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Conks surprised by fast start | Boys Soccer
Kentwood athletes are used to getting extra attention from their opponents.
It may be combative words and hype posted on Facebook and Twitter or just an extra oomph on the playing field itself. And although the Conquerors’ soccer squad hasn’t been known as a Goliath of the pitch for a few years, it hasn’t taken long for them to re-embrace their status as perma-archnemesies.
“We have a big target on our backs in a lot of sports,” said senior Brandyn Bangsund. “People want to beat us. When you are undefeated they want the underdogs to come in and get a win. It’s something we are well aware of.”
Half way through 4A South Puget Sound League play the Conks sit alone at the top, with a 6-0-2 record, one year after failing to make the postseason. The veteran group consists of 10 seniors who have learned to finish games, unlike last year when they settled for too many ties. But even with all the returning experience, the fast start has gone beyond even their own expectations.
“I thought we would be in second or third place (at this point in the season),” said head coach Aaron Radford.
“We were predicting to be good or maybe below average,” added Bangsund. “We were very undecided as to where we were going to be.”
The lack of high expectations came, in part, because of few truly dynamic players on the Kentwood team. Radford, in his ninth year as coach, said this is one of the most cohesive groups he’s ever led, who have found ways to win when maybe they shouldn’t have.
“As individuals we don’t do anything outstanding, but as a team we do play great soccer,” Bangsund said.
The biggest game came in March against defending state champion Thomas Jefferson, where Kentwood unlocked a tie with under a minute to play. Radford said his team was probably outplayed that day, but still managed to find its way to victory.
Bangsund called that win a confidence booster and “big eye opener.”
“We’re still building that chemistry together,” Bangsund said. “I think we’re improving in lots of different categories.”
Bangsund, who has helped lead the surprising start, sacrificed a bit of his physical future in order to contribute. The center midfielder tore the MCL in his left knee four games into 2013 and, after four months of rehab, tore it again playing football. Bangsund’s surgeon told him he could play soccer if the ligament was partially removed, though that could limit his ability to walk when he gets into his 50s or 60s.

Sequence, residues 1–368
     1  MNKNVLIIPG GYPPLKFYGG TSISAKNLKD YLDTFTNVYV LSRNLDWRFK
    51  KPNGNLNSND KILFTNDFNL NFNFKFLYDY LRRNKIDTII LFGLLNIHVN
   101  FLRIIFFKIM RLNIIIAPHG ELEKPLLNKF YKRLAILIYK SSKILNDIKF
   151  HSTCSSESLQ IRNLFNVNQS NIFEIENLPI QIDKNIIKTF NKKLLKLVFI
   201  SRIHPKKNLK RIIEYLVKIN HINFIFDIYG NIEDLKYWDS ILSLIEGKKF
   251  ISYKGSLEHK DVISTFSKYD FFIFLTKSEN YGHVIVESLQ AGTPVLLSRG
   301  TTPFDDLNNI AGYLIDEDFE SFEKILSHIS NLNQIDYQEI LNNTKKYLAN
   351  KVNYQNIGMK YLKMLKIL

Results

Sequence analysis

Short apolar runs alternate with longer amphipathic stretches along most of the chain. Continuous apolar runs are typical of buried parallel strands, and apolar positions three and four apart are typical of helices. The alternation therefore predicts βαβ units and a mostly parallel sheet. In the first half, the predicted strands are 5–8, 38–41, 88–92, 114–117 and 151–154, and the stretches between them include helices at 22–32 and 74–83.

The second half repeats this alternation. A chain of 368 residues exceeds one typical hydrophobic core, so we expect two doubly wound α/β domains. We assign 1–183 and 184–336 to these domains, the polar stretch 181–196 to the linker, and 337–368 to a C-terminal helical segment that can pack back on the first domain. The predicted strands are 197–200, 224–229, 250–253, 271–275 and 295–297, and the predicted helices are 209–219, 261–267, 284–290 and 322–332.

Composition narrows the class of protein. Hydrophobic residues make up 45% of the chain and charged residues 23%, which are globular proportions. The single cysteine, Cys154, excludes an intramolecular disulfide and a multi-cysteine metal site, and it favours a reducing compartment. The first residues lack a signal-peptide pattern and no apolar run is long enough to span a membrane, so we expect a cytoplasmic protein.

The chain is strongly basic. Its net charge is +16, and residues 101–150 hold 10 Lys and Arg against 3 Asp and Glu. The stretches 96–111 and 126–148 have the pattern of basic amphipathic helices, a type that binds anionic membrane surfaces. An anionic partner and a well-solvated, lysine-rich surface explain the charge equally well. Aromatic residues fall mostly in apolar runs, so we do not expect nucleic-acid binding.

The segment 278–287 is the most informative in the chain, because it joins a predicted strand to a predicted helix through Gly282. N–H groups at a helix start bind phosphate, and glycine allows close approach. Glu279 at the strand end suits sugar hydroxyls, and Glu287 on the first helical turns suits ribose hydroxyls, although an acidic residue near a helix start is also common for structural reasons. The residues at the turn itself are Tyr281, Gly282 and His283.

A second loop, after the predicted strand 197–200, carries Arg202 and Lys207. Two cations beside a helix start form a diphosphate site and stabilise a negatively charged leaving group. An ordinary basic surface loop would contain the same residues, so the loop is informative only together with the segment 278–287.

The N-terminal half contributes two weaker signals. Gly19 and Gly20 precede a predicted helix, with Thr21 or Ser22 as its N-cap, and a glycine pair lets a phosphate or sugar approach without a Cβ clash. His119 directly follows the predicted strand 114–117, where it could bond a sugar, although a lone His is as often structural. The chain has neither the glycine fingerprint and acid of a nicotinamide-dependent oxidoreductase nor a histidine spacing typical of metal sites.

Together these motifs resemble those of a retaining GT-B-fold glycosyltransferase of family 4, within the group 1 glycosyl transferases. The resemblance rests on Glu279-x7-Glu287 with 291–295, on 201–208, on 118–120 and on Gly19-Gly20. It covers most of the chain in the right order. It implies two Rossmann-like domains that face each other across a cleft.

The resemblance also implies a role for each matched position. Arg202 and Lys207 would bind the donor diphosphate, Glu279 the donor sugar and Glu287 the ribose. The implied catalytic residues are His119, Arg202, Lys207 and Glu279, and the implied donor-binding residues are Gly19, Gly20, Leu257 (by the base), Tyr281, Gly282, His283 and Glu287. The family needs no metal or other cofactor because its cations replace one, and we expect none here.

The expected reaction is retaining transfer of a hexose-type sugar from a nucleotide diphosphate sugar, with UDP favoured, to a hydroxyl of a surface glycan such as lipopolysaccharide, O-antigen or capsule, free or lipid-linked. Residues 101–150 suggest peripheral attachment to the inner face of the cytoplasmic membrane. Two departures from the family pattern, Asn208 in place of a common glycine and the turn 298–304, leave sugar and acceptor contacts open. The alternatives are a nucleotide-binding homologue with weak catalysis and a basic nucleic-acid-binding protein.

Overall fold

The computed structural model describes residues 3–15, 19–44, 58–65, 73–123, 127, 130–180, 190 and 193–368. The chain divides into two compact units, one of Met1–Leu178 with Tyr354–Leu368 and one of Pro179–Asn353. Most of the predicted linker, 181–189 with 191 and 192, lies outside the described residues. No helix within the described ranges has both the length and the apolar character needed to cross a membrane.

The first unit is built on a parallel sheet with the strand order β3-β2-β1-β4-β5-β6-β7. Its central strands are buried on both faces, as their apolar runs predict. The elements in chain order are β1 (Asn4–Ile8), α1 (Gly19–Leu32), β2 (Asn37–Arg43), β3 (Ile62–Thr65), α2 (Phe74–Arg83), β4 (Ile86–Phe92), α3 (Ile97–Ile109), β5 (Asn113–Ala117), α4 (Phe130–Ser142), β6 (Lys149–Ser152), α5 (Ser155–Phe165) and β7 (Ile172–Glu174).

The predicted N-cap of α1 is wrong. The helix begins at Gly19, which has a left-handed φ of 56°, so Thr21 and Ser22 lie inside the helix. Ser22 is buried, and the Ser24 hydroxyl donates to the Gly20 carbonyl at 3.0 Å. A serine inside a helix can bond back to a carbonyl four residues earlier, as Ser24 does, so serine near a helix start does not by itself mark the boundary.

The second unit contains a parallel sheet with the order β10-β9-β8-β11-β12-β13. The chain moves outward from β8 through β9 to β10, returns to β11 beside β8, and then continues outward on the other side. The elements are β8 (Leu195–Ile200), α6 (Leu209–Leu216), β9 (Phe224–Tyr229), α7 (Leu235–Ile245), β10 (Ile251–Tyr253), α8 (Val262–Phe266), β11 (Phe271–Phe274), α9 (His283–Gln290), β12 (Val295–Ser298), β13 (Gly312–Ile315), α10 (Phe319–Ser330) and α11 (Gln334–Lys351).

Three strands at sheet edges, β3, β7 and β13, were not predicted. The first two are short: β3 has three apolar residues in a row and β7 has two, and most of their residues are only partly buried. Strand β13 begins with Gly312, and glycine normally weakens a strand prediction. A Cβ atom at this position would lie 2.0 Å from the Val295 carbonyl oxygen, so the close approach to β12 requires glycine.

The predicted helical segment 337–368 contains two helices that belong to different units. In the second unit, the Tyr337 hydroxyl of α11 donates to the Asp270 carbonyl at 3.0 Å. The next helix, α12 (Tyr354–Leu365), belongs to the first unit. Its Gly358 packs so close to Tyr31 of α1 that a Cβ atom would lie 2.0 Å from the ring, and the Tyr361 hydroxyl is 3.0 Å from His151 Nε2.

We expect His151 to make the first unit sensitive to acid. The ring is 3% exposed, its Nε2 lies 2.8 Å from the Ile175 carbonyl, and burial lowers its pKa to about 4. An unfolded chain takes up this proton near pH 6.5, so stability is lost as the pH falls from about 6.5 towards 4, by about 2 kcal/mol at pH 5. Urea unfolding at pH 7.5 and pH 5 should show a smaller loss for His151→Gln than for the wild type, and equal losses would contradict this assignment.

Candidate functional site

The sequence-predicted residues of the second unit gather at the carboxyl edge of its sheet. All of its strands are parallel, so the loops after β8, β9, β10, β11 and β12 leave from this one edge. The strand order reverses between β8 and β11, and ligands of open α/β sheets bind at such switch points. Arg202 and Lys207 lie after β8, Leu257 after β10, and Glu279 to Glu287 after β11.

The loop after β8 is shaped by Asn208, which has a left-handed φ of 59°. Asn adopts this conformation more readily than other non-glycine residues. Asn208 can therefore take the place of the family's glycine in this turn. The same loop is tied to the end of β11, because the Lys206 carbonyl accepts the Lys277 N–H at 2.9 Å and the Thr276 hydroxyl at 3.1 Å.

Bangsund said the decision was actually quite easy.
“I’m trying to live right now, at the moment,” said Bangsund, 18. “I’ve played soccer since I was three. I love this sport. I love the game.”
The Conk’s pre- and post-game cheer is simple: “1-2-3, win!” They’ve taken that straightforward mindset to the field. And though it hasn’t always been pretty, it’s certainly been effective.
At home against winless Kentlake on April 9, the Conks dominated possession and shots on goal but led just 1-0 through the first 75 minutes of the game, leaving Radford on edge.
After quelling one of the Falcons’ few attacks, Kentwood stormed downfield for a goal. Three minutes later, a white jersey broke away for an easy score. Fast forward one more minute and a one-touch shot looped over the Kentlake goalie’s outstretched arms. Just like that, three goals in less than five minutes, and the blowout was complete.
“After the first 75 minutes I didn’t think we’d get to 4-0, by any means,” Radford said.
Kentwood won the league title in 2011 and finished third in state that year. Radford said every team will continue to get better and crisper as the season progresses, which means his group needs to follow suit if they want to remain public school enemy No. 1.
“You’ve gotta expect the second time around will be that much harder,” Radford told his team after the Kentlake win. “We’re in a good position, but we still have eight games to go.”